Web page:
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A Photograph of the Extended Attebery-Hocking Family

This photo shows the extended Attebery-Hocking family in Cape Girardeau, Missouri, on Sunday, October 19, 1947. The other small photos on this page show the newspaper report of this visit and modern photographs of the house.

Hover your cursor over any individual in photo to see their name and link to more information about them.

the extended Attebery-Hocking family in Cape Girardeau, Missouri, on October 19, 1947
Pictured above left to right are: in the front row - William (Bill) Attebery, Raymond Attebery, and Johnie Baxter (Marie's husband); in the middle row - Ralph Attebery, Roy Attebery, Luvina Hocking (Mrs. W.O.) Attebery, and her brother, Ira Hocking who owned the house at that time; and in the rear row - Marie Attebery Baxter, Ermadene Attebery (not yet married to Gene Murray), Wilma Hocking (daughter of Loren Hocking, Ira's younger brother), Betty Rhea (soon to be the bride of Raymond Attebery), and Vera Hocking (sister of Wilma).

Fifty-six year old Luvina and several of her children, along with two of her neices, and a son-in-law, and a soon to be (in two months) daughter-in-law, drove just over 100 miles from their homes in Naylor, Missouri, and Corning, Arkansas, to spend the weekend with her older brother, Ira, in Cape Girardeau, Missouri. He was 66 at the time and lived just 3 more years. Their brother, Wilbur Hocking, had died at the age of 62 the previous year.

Image on the right is from the newspaper story appearing in the Southeast Missourian of Cape Girardeau, Missouri, on October 20, 1947, telling of the visit pictured above. This grand house at 129 South Lorimier which Ira Hocking used as a hotel/boarding house during this period is now listed on the National Register of Historic Places and the photos below attest to its grandeur.
The Ira Hocking house at 129 South Lorimier in Cape Girardeau, Missouri even as it looks 60+ years later is still a grand house with a sweeping drive up to the covered entry.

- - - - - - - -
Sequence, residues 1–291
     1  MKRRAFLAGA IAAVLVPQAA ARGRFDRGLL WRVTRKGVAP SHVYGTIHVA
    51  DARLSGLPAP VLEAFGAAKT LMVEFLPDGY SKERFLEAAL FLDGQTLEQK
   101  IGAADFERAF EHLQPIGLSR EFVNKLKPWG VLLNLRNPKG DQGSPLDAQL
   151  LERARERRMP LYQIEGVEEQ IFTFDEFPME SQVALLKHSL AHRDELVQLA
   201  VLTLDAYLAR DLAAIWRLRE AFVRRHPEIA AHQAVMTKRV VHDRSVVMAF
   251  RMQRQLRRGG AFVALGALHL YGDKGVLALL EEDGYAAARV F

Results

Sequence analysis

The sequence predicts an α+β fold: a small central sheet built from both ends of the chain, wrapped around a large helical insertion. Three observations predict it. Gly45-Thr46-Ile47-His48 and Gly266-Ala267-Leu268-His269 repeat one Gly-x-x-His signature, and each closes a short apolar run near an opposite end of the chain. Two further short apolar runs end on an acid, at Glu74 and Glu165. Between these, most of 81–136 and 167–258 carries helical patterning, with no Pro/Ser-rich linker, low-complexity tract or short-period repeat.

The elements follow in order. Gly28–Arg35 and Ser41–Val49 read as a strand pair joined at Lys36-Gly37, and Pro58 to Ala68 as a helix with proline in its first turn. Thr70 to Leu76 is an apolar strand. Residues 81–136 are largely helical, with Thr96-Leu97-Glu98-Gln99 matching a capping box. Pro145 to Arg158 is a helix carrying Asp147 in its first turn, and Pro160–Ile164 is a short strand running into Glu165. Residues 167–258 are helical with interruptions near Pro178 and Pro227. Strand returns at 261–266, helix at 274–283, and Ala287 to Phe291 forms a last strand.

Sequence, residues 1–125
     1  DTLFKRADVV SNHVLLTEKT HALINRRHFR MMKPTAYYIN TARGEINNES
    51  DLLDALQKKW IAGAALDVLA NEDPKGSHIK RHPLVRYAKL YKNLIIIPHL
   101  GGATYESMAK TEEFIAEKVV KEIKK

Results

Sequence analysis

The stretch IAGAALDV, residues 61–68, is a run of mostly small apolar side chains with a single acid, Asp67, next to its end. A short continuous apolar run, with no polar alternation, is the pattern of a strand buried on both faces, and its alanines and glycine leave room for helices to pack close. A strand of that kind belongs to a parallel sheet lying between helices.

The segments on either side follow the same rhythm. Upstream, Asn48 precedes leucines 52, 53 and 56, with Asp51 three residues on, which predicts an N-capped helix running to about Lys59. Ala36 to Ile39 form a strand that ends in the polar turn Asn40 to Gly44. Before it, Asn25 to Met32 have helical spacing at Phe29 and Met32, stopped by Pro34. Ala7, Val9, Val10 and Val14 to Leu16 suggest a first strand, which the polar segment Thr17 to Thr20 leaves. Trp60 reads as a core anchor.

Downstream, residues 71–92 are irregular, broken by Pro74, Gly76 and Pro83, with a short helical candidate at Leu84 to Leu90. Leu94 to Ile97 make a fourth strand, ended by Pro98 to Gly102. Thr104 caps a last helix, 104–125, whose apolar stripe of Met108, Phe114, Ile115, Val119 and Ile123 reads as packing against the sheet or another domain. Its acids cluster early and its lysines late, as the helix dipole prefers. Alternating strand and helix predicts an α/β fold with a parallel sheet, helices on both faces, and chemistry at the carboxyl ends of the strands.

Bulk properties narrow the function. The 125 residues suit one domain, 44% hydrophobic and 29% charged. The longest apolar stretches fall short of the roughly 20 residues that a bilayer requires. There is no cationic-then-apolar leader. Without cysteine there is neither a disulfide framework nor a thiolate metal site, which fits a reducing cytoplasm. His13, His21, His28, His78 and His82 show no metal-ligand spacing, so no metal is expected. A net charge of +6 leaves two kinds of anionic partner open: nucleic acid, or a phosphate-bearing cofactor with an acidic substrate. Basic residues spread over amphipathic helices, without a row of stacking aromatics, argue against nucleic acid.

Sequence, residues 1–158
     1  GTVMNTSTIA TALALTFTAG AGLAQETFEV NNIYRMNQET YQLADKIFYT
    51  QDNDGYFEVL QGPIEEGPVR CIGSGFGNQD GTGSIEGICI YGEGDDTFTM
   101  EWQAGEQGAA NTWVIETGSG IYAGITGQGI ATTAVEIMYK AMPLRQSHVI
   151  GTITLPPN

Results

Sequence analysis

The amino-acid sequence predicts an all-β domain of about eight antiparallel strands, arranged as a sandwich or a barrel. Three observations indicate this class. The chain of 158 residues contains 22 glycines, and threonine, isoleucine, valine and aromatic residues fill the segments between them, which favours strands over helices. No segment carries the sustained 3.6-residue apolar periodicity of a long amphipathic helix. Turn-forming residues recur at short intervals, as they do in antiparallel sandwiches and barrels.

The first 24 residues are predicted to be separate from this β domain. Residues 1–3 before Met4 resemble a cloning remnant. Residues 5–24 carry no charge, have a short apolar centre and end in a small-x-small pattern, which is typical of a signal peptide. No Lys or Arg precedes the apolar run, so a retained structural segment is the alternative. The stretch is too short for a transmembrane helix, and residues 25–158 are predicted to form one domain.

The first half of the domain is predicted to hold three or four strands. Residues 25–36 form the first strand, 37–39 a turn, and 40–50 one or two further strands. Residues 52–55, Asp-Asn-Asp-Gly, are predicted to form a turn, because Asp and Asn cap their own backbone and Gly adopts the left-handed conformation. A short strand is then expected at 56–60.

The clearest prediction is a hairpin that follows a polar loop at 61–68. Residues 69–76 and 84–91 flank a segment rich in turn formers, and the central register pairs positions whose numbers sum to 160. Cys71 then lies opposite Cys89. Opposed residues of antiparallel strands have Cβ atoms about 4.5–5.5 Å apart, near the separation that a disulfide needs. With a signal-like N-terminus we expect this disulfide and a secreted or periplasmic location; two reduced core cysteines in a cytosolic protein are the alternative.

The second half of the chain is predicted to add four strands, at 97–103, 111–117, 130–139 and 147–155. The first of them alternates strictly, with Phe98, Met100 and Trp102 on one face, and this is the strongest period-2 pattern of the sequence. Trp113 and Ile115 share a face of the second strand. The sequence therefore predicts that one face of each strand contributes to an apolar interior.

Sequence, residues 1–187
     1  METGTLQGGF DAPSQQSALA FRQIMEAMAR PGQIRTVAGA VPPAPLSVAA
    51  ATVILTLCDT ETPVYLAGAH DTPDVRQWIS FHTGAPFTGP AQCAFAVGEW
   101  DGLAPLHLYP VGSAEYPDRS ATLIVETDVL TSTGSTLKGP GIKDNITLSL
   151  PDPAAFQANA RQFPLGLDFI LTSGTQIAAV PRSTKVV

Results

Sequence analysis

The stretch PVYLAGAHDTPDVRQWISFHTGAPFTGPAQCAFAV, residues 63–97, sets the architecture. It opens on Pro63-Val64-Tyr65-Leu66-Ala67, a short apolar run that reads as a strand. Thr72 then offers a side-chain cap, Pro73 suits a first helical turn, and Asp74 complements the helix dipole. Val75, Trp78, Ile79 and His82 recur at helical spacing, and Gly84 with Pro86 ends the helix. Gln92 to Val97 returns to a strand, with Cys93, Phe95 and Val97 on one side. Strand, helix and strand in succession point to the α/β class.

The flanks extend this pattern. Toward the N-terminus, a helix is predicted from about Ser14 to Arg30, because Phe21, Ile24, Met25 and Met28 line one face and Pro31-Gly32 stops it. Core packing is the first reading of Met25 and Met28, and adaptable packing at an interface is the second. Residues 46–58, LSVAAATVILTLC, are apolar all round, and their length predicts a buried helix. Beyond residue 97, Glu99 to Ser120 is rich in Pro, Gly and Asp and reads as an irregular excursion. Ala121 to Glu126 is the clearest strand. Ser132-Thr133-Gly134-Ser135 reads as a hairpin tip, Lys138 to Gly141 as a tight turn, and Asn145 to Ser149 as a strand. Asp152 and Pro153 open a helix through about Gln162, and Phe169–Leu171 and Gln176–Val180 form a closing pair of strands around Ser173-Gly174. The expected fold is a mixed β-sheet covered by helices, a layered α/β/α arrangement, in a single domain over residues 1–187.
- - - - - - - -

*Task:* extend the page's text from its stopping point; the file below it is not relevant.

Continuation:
This modern photo taken from nearly the same location and angle at the family photo taken in October of 1947. Note the replacement smaller diameter posts on the front porch in the distance.

The massive brick Colonial Revival house with a sandstone foundation was built in 1897 for the Edward S. and Mary Annatolie Albert Lilly family by prominent local contractor Henry Ossenkop and local stone mason, William Regenhardt. Lilly came to town in 1871 as a partner in his Uncle Pliillip Reily's hardware store and after 1880 was sole owner of Edward S. Lilly & Co., considered one of the largest hardware stores in Southeast Missoui. Their home was the largest within the immediate area and one of the largest in the downtown area of Cape Girardeau. It was considered one of the "prettiest inthe city," at the time of construction.

On the first floor is a large entry foyer, living room, bayed out dining room, parlor (family room), large kitchen, laundry room, and a half bath, plus the wide front porch and covered carriage entrance. There are 5 bedrooms on the second floor and a complete set of rooms on the third floor including 2 bedrooms, living room, kitchen, dining room, and bath. The interior exhibits extensive Colonial Revival detailing and craftsmanship with 5 (of 6 original) fireplaces and several pocket doors. The original parlors are intact with Classical fireplace surrounds, plaster walls, woodwork, and hardware. The ornate door knobs and plates and pressed metal cornice and window hoods help differentiate the Lilly House from its neighbors and embody well the characteristics of the Colonial Revival style. Lilly erected a one and one-half story brick carriage house in the northwest corner of the property which still exists although converted in the early 1940's into a residence.
The stately fireplace with mirror reflecting golden chandlier and stained glass window.
The entry foyer with stained glass transome.
The staircase leading to the second and third floor bedrooms.

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